Sacred relic chronicles Pahu village’s past


Journeying through time: Bangkuai taking a closer look at the 84 straight short lines (pic below) carved on one of the stones. The Pahu community believe that their ancestors fought a horrible war to claim the village as their rightful home and evidence of that is recorded on the ‘sogindai’.

KOTA KINABALU: Kampung Pahu’s history is carved in stone.

Within this village some 80km away from Kota Kinabalu, vertical stones, known locally as sogindai, are where warriors would once hang up the heads of their enemies.

Through stories passed down for generations, the Pahu community believe that their ancestors fought a horrendous war to claim the village as their rightful home.

“In the past, civil wars were common. There was evidence of conflict between the communities here to claim a place, and their victories are carved on the stones,” said Kiulu assemblyman Datuk Joniston Bangkuai.

“In the olden days, the people’s strength was based on the number of heads (usually the enemy’s chief) severed during war.

“For Kampung Pahu in Kiulu, there are 84 short lines carved on one of the stones, representing the number of heads severed.

“But this happened hundreds of years ago. This was how the village was formed, and the people are grateful for their (warriors’) sacrifices.

“At the surface, it is just stone, but in fact, there is a deep meaning to it, a history to be told.

“This is Kiulu’s history,” he said at the “popohimagon sogindai” or the launch of the new site for the stones recently.

The stones were moved from their original location to the final site to make way for the construction of a road.

Villager Paralos Kombiong said the stones were believed to be of a man and a woman.

“We were told that the warriors would go to the sogindai to hang up the severed heads of their enemies, which were dried and kept as trophy skulls,” he said.

Sogindai is a Dusun word which means a stone to display severed heads.

“We believe that there are spirits guarding the stones because when they tried to move the stones from their original site to make way for road construction three years ago, they had to do a ritual to appease the spirits,” he added.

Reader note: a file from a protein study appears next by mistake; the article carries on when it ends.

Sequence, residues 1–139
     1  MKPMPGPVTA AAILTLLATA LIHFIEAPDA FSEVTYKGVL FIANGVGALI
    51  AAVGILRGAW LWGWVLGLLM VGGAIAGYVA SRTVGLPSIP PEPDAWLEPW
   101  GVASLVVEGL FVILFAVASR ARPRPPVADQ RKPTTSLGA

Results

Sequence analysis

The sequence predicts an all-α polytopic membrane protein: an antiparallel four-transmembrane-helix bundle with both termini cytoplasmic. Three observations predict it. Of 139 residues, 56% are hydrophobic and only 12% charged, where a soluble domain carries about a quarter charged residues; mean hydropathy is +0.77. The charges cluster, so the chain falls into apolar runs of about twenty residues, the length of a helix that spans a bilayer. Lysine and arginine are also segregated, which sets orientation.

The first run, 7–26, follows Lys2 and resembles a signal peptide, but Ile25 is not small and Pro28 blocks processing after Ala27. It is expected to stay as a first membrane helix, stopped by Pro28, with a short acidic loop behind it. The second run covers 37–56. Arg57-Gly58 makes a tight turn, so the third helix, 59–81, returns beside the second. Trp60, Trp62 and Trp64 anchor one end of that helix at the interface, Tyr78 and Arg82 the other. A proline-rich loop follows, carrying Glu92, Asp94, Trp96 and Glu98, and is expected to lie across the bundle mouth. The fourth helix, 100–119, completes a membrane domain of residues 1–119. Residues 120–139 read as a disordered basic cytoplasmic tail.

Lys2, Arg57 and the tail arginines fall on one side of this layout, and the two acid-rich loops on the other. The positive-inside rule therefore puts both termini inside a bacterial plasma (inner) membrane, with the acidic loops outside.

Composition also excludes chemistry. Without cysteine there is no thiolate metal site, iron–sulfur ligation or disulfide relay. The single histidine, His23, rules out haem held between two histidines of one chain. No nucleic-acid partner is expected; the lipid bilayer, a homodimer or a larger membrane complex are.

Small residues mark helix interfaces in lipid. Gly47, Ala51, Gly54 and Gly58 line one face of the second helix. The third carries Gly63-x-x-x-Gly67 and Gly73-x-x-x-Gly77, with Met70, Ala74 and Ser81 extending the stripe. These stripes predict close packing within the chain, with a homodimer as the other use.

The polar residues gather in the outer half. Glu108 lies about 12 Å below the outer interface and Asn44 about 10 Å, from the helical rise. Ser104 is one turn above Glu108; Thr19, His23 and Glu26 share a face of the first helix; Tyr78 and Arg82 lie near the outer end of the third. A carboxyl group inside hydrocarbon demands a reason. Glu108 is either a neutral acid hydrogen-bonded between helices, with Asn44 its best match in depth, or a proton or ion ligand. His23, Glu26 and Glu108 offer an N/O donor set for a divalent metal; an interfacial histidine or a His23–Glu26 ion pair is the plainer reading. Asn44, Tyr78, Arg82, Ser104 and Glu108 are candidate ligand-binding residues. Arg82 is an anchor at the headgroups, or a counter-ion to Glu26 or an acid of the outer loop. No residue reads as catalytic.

Kombiong said during construction, workers who put up makeshift shelters by the roadside complained of being “disturbed” every night.

“Sometimes, they would see something in the form of a woman bathing in a nearby river late at night and on some nights, an angry buffalo would charge at them. These are among the horror stories.

“They could not stand the constant disturbances, so they decided to stay closer to villagers’ houses. Upon hearing their stories, the villagers knew something must be done to pacify the spirits and a ritual was performed, including slaughtering a buffalo. After that, the disturbances stopped.

“Yet, we still respect the stones. We will not carry out any unnecessary burning near it and those with bad intentions must not come close to the stones,” said the 64-year-old.

Stephen Kimbin, 58, from Kampung Lokos, said moving the stones was almost impossible before a special ritual, claiming that even a group of 10 to 15 strongmen would not be able to do it because these were guarded by some kind of force or spirit.

“But after these spiritual entities are appeased, the stones are easily lifted,” he added.

At the new site, only part of the stones is visible, with the rest partially buried in the ground to symbolise that they are now at “home”.

Bangkuai, who is also the state Assistant Tourism, Culture and Enviroment Minister and Sabah Tourism Board chairman, said they were planning to put up facilities such as small cabins and toilets, as well as provide some narration about the stones.

“These are the kind of things that attract tourists. We call it experiential tourism, allowing visitors to experience and learn our culture and urban legends,” he added.

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Kampung Pahu , Stones

   

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